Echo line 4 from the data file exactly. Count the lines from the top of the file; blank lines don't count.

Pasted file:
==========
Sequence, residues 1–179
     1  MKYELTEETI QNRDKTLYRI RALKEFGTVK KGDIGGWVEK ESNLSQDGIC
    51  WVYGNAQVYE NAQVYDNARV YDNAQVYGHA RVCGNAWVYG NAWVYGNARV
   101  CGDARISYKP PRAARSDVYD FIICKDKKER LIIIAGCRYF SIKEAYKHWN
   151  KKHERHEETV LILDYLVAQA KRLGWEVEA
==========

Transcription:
   101  CGDARISYKP PRAARSDVYD FIICKDKKER LIIIAGCRYF SIKEAYKHWN